I feel that any publication in your newspaper, whether by way of news story, letter to the editor, or paid advertisement, of these documents, or the statements made by Mrs. Pierce concerning this transaction would be false and malicious and would tend to injure me, my law firm, and my partner, and would constitute actionable libel as defined by 12 O.S. § 1441 , et seq.
We therefore demand that you refrain from publishing any such allegations. We feel that our firm would suffer damage thereby which would be irreparable should you publish these malicious untruths, and that you would probably be legally responsible for substantial damages which we would suffer.
Should you have any questions, we would be happy to discuss this matter with you further.
LYONS & DEAN
/s/ Gary J. Dean"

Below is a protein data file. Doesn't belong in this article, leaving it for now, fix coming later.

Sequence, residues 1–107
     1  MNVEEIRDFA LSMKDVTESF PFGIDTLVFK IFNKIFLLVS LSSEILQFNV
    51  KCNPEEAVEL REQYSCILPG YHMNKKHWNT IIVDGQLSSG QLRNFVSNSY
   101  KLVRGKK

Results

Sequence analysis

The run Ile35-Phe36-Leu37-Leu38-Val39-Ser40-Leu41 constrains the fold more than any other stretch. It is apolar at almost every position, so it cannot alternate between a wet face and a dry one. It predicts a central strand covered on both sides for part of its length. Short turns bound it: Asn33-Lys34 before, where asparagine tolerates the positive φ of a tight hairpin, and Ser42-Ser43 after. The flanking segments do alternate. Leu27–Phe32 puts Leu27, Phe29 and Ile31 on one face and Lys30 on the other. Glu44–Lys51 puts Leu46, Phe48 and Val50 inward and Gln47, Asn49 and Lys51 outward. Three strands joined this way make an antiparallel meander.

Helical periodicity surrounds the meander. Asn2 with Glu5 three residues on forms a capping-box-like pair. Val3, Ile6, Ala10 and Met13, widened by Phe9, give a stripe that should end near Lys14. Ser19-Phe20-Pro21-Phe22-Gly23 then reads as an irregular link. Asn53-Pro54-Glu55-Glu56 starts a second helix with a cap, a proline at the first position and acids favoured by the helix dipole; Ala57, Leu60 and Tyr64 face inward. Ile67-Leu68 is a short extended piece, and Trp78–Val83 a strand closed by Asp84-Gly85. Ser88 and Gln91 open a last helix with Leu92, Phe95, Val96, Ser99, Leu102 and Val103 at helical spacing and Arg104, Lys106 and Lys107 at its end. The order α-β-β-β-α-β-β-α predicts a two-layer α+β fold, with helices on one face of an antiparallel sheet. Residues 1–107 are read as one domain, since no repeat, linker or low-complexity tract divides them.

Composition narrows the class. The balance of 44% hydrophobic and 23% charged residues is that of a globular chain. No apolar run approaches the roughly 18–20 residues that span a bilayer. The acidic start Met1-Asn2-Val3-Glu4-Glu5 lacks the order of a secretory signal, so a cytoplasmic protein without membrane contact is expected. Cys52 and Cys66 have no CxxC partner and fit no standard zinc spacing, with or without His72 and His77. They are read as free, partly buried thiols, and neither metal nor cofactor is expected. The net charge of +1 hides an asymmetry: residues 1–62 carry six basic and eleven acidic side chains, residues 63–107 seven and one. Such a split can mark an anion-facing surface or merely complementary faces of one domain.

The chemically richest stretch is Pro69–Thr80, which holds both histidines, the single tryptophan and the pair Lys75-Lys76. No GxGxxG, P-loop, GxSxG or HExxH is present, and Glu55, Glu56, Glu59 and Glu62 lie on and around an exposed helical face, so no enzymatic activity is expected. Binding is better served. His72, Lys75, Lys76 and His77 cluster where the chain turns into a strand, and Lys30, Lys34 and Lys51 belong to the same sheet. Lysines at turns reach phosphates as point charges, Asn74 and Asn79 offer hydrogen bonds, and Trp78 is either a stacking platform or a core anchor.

3 The Cowan letter, as published, read: "NOTICE - To the Editors of: THE PRYOR DAILY TIMES, THE PRYOR JEFFERSONIAN or TO THE VOTERS OF MAYES COUNTY WHOM IT MAY CONCERN AND RADIO STATION KOLS.
A situation has developed in the candidacy for Sheriff of Mayes County that requires some clarification and thought by the Voters.
While PETE WEAVER was sheriff an arrest was made at WEAVER'S order of Oran Callison (A life long resident of Mayes County, and a respected Cattleman and Farmer) at Locust Grove WITHOUT A WARRANT and no charges filed.
Callison was placed in the County Jail on no more Legal Authority than a telephone call from a LAWYER requesting this arrest. Weaver was fully aware of its illegality.